Previous |Next |Up |Title
In spite of appearances, which suggest that the main issue at stake is the safeguarding of national sovereignty, the reasons accounting for the hostility of the powers that be to European statehood are in essence more down-to-earth than ideological. Old hands identify them in the self-preserving interests of the political and bureaucratic élites in the fifteen states and, in a worthier vein, the awareness of the latter that, in the eyes of their constituencies, the national community remains the broadest focus for political life and group identity. In recent times, however, the same élites have found an unexpected (and in this case unequivocally ideological) ally in those academic and judicial circles which only a few years ago drummed and fifed for the speedy political integration of Europe. Being myself a member of both circles, I am particularly interested in exactly what motivates these views and will seek in the following to identify their underlying causes.
To this end, a premise is indispensable. The new mood which pervades many of the courthouses and the law faculties of Europe (but also some of their offshoots in America) is far from homogeneous. These are intellectual worlds and accordingly the discursive scenery is host to a myriad of details and nuances. With a touch of simplification, however, two streams of thought may be discerned which are not only unlike one another, but also at odds with each other on most qualifying points. The first has thus concluded that `the safest ... option is simply to retreat to what we are familiar with, the nation state' and that any notion of democracy beyond this horizon is `at best sheer Utopianism, at worst downright dangerous.' The second, in the words of its most prestigious spokesman, Professor Joseph Weiler, is opposed to a `statal Europe albeit of a federal kind' because such a polity would assemble and perpetuate all that is `excluding' - or hindering outsiders from entrance, and refusing them participation - in both the history and the practice of the European nation states, and would thus betray the promises implicit in the vision of a merely supranational, rather than statal, Europe. In this respect, the Maastricht Treaty, `having appropriated the deepest symbols of statehood (citizenship, foreign policy, defence) was a deception.'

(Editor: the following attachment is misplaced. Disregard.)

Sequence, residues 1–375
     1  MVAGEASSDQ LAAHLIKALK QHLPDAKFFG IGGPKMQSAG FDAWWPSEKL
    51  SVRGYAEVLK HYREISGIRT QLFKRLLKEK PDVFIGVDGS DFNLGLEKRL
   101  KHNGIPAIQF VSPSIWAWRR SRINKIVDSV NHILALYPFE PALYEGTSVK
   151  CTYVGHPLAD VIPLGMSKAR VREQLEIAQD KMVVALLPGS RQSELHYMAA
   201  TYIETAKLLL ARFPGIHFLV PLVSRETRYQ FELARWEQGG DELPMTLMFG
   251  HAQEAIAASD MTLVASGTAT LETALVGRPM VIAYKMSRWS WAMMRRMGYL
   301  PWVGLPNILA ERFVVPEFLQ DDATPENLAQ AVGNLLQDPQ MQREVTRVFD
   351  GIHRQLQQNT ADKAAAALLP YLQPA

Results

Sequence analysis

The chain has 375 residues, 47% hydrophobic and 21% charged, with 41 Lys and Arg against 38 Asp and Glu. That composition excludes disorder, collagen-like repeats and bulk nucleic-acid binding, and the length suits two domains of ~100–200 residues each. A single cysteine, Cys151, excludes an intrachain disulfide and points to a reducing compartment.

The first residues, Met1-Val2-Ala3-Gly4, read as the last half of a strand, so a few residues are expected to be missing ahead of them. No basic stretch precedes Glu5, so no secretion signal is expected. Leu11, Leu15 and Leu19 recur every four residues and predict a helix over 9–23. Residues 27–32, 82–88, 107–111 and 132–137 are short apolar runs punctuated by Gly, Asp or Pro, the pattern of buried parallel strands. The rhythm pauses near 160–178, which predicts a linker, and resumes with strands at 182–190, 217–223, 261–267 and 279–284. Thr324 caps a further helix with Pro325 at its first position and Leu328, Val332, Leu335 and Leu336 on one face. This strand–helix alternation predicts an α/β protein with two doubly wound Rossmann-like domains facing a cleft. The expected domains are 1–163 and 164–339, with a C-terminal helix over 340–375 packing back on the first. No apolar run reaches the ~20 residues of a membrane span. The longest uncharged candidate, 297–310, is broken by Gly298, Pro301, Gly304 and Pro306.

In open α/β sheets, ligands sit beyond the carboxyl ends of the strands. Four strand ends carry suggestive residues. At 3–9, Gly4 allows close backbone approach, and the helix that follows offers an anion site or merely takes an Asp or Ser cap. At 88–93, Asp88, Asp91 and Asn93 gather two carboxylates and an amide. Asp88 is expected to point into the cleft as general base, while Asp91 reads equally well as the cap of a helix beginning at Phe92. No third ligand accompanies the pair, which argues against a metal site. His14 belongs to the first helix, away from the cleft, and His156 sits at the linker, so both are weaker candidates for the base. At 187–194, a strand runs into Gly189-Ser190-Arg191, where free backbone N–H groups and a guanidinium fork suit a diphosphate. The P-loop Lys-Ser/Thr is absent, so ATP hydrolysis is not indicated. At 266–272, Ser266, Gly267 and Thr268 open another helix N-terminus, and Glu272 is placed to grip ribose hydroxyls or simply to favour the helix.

On a first reading, it would seem readily apparent that these views are nothing if not highly contradictory. However, I intend in the next two paragraphs to delve deeper and argue that, differences apart, both theses stem from a common root: the inability to conceive of statehood in any terms other than nation statehood, or, in a nutshell, to divorce the state from the nation.
See the eloquent examples which Newman, op cit, n 9 at 2 et seq. draws from the attitudes of the opponents of Norway's accession to the EU and of the Eurosceptics in the House of Commons' debate on Britain's contribution to the EU budget. In both cases, which took place in 1994, the slogans and the political priorities involved were quite different.
Wallace, loc cit, n 10 at 55 et seq.
 This description of this first stream of thought is from, Curtin, op cit, at 13.
 J.H.H. Weiler, `Europe After Maastricht - Do the New Clothes Have an Emperor?' Harvard Jean Monnet Working Paper 12/95, at 13.
Ibid., at 20; Curtin, op cit, n 6 at 16, referring succinctly to Europe as the first `post-modern, ` that is fragmentary and fluid, polity, seems to share, given the positive connotation usually attached to `post-modern, ` at least some aspects of Weiler's position.
Previous |Next |Up |Title
Top of the page